"I just don't know yet – I don't know how our defense is going to perform," he said in his weekly press conference with the media in Athens.
That didn't make anyone in red and black want to bark very loud.
But that's what happens the first week of the season – you just don't know. You think you might know, but you'd like to see it for yourself. The problem is that everyone sees it with you – and those guys on the other team are running like lighting.
Is Georgia's front seven going to be able to handle Clemson's offensive line? (If that's not the case that begs an even larger question about if they will be able to handle South Carolina's, LSU's or Florida's) Is this patchwork secondary going to be able to stop Clemson's mighty, high-flying offense?
The defense at Georgia is an unknown – not a bad unknown necessarily, but an unknown to be sure.
After all it was Richt who said of his defense: "I'm probably more curious than concerned," so there is some confidence there. I think a lot of people are in that camp, but curiosity might not do a lot of good going up going up against a known commodity: Dynamic duo Sammy Watkins and Tajh Boyd.
We know that Watkins has shown the ability to take over games. We know that Boyd had a great game to end 2012 against LSU. We know that Clemson is playing at home and won't have to deal with noise while on offense. We know that a team that averaged scoring more than 40-points a game understands how to put the ball into the end zone – no matter who they line up against.
But throwing the ball isn't at all like running it, which is where Clemson could run into problems. The quarterback has to turn and hand the ball off directly to a running back on a run, which is pretty simple (unless Joe Cox and Washaun Ealey are on the field at the same time – then it can get tricky).
A pass, on the other hand, means the quarterback has to step backwards, have protection and throw a pass to another guy who has to catch it. A lot more can go wrong on a pass, and that's where Georgia's front seven may be able to tip things in its favor, which is also where Richt's curiosity is probably coming from.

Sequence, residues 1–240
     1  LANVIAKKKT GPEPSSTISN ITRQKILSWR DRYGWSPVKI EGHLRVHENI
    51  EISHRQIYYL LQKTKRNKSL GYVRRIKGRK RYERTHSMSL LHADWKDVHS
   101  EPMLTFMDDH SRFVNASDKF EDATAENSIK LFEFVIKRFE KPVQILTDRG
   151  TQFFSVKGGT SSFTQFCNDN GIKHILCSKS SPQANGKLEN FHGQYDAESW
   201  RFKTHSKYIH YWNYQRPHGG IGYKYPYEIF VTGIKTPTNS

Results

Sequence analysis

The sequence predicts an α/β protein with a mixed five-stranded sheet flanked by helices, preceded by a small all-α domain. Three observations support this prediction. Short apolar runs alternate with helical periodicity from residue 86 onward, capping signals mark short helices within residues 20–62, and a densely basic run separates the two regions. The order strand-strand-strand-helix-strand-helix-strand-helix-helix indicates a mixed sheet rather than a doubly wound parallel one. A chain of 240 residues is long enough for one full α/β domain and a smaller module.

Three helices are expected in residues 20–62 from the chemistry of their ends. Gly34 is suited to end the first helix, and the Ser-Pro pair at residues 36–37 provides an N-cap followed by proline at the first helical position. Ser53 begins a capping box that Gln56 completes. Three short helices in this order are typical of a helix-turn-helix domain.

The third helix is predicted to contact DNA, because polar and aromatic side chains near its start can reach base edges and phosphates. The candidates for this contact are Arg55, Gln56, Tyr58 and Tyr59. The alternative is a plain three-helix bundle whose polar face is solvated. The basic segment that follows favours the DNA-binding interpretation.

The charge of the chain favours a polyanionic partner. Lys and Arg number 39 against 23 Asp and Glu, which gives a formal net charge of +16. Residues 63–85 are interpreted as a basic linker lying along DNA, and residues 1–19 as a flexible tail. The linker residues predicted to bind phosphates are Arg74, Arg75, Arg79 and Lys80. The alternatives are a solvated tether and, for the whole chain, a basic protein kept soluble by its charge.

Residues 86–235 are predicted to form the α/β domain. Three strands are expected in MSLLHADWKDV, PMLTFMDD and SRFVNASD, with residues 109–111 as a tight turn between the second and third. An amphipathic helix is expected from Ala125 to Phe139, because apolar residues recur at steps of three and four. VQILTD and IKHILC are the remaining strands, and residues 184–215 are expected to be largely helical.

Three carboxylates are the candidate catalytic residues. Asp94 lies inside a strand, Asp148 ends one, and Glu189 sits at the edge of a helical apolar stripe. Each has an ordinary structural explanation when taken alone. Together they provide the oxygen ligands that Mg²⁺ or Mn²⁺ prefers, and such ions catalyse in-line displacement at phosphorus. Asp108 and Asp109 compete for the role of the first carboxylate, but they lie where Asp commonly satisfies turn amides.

"The best way to slow down a receiver is to disrupt the quarterback," Richt said.
Enter James Deloach, Jordan Jenkins and newcomer Leonard Floyd. Those three will be given the chore of rushing the passer – we already know what Jenkins can do, and people won't shut up about Floyd's ability to rush the passer.
If you read between the lines that's basically Georgia's game plan – pressure Boyd and see if he can play mistake-free and beat Georgia. Because if Boyd plays mistake-free (and if history is any judge) the Tigers will likely win the season opener.
Perhaps the best example of what Boyd means to the Clemson offense should be taken in the context of playing SEC teams (good ones – not 2011 and 2012 Auburn… we all know they were not good).
Boyd was mistake-free against LSU (36 for 50 with 2 TD, 0 INT), and Clemson won 25-24 in 2012. He hasn't played mistake-free against South Carolina, yet (22 for 53 with 2 TD, 3 INT), and Clemson has been outscored 61-30 in those two losses.
Put simply: Clemson is undefeated when Boyd doesn't throw an interception. Sure, you say, that sounds pretty simple – and so it is. That means one thing for Georgia's defense – put the pressure on Boyd. (By the way… Georgia can't quite say the same about Aaron Murray; Murray has lost three times when he's not thrown a pick and won twice when he's thrown three picks).
"I am just not sure what we are going to get out of our guys. You never know until they get out there," Richt said.
Judging by recent history Richt had better hope his newcomers can force Boyd into some bad decisions, or it certainly could be a long night.
Just how will Georgia stop or even slow down Clemson? Mark Richt didn't say on Tuesday – probably because he doesn't have the answer.